Podcasts & RSS Feeds
Most Active Stories
- Don't like the water shut-offs in Detroit? Now you can pay someone's overdue water bill
- Approaching construction on the highway? Experts say the "zipper merge" can help
- These three female candidates could be some of the most interesting leaders in Michigan
- Those who want to outlaw publications over sexually explicit ads should study Constitution first
- This ballot proposal is critical to Michigan's economy, but most people won't bother to vote on it
Thu July 21, 2011
Growing the region's clean economy
The clean economy is touted as a future economic driver of the region. But a new report shows that while Ohio and Illinois have added jobs to the clean economy, Michigan is the only state to have lost them. Changing Gears visited one scientist in Plymouth, Mich., who’s trying to nudge that number back up.
Geoff Horst has a scientist’s air of geeky restraint. But when a little box arrived at his lab the other day he got excited. Inside were vials filled with stinky sludge: wastewater from a landfill in Ohio.
“It literally looks black — like black as Guinness beer,” Horst said. “And so we like to tell people that we take it from Guinness to Miller Lite color.”
Horst is chief science officer of a start-up developing a new way to treat high-strength wastewater. That’s the really concentrated stuff that drains from breweries, ethanol plants, dairies and even meat-rendering plants. Traditionally, treatment plants have used bacteria to gobble up the organic material in that wastewater.
“When we say bacteria, there could be literally thousands of different species of bacteria that do this job,” Horst said.
Some break down sugars, others fats or proteins. But bacteria don’t do as well with nutrients like nitrogen and phosphorous. These are the kinds of nutrients that feed huge algal blooms in Lake Erie and the Gulf of Mexico.
“The way we were thinking of it is, well, if algae can grow really well out in nature on these nutrients,” Horst said, “maybe we can control them, and do it in a controlled environment and actually put them to work.”
SoAlgal Scientific was born. The idea is to treat wastewater with algae that can efficiently do both jobs: break down organic material and tackle extra nutrients. Horst thinks food processors and other facilities that use the system to treat wastewater onsite could pay millions less in fees to large treatment plants.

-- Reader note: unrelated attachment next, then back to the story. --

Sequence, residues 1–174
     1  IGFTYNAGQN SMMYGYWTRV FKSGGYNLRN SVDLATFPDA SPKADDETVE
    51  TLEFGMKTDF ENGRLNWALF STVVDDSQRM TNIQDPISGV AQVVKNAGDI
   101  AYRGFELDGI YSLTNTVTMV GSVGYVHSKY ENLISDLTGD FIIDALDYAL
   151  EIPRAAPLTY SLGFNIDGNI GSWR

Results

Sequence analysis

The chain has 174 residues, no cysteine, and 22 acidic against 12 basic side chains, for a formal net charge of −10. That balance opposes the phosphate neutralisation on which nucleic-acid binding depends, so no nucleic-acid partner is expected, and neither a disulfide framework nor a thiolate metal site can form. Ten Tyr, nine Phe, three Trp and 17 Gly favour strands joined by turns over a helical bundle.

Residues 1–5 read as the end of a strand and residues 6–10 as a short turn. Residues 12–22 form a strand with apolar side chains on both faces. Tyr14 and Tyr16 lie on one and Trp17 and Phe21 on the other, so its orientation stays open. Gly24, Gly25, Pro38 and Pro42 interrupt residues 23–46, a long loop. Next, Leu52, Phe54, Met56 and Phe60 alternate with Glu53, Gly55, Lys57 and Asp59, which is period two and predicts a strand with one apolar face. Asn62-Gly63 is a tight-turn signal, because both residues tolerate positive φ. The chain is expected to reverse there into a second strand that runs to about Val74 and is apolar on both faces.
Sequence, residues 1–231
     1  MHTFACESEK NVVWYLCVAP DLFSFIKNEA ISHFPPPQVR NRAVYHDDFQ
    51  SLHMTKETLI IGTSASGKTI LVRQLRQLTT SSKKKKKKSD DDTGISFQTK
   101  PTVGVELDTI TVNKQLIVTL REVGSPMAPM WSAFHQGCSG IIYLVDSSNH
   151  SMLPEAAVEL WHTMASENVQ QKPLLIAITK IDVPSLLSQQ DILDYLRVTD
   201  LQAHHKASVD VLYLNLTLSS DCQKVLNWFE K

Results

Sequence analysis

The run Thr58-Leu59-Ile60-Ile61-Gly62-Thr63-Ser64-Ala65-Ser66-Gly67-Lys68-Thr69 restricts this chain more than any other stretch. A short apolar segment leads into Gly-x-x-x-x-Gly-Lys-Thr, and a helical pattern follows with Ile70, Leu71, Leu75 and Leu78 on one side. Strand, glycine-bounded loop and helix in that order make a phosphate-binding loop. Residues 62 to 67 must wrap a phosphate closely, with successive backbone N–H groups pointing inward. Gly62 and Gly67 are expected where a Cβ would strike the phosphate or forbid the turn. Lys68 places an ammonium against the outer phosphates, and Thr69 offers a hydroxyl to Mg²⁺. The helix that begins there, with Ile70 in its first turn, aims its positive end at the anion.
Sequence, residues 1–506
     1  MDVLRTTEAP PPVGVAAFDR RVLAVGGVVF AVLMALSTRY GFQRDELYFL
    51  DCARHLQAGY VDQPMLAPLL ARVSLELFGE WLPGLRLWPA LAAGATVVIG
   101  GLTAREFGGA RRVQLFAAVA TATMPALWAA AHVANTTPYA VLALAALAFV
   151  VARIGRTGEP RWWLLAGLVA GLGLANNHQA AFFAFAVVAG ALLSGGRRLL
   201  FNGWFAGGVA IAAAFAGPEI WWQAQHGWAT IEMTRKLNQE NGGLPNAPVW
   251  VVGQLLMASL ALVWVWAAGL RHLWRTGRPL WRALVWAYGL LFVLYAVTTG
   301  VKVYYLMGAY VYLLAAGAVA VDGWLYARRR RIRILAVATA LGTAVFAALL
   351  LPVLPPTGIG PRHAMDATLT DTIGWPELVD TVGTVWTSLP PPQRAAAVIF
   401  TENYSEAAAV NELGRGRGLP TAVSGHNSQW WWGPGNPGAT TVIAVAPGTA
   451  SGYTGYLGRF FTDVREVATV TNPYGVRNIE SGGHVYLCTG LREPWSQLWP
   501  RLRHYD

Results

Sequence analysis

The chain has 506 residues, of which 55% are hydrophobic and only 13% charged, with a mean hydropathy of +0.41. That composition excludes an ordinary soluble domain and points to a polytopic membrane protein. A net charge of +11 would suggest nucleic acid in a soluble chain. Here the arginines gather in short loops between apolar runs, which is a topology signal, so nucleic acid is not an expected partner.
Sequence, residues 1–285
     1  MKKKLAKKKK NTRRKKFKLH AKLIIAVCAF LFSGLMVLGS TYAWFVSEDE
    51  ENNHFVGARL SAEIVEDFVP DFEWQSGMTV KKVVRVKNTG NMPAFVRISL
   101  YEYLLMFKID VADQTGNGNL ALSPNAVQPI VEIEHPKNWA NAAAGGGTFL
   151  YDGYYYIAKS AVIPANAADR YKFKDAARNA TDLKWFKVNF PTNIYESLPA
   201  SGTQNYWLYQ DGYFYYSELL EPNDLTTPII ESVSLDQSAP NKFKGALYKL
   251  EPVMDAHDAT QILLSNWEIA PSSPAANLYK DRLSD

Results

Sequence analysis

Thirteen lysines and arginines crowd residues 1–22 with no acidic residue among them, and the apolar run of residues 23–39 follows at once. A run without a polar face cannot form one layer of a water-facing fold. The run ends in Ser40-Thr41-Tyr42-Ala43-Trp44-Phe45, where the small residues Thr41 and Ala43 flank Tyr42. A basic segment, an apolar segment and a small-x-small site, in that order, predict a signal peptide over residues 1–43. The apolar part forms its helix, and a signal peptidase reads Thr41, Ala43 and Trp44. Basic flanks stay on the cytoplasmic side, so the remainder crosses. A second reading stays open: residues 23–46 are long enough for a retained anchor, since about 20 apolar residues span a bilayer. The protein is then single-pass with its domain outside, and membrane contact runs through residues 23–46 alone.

In general, if you want to hitch your horse to the so-called “clean economy,” waste management is a good place to start. It’s the number one job creator in the sector, according to a new report from The Brookings Institution. Jonathan Rothwell is one of the authors who studied the growth of clean economy jobs from 2003 to 2010. The sector covers a wide swath, from alternative energy to public transportation.
The report found most clean jobs and growth concentrated in large metro areas. Chicago had the third highest number of clean jobs in the nation. Toledo ranked high in the share of its jobs that belong to the clean economy.
But Midwest boosters want the region to capitalize on another finding: More than a quarter of clean economy jobs involve manufacturing, which is much higher than the national average. Jonathan Rothwell says the green economy is largely blue collar.
“The industrial Midwest happens to have a lot of these workers and a lot of them are unemployed currently,” Rothwell said, “but they do have a set of skills developed from on the job training.”
Excess manufacturing capacity is just one of the reasons Horst wants Algal Scientific to grow in Michigan.
“We’re in the epicenter of where … some of the world’s largest resources of fresh water are located,” he said. “And if we can help preserve that natural environment, you know, I’d like my kids to be able to grow up in a pristine environment, and so that’s what I’m trying to do here.”
The start-up hopes to add 20 jobs to Michigan’s clean economy in the next three years. But first they’ll have to raise hundreds of thousands, perhaps millions of dollars, to survive the so-called “valley of death.” That’s the failure-laden terrain between an innovative demo and full-scale commercialization.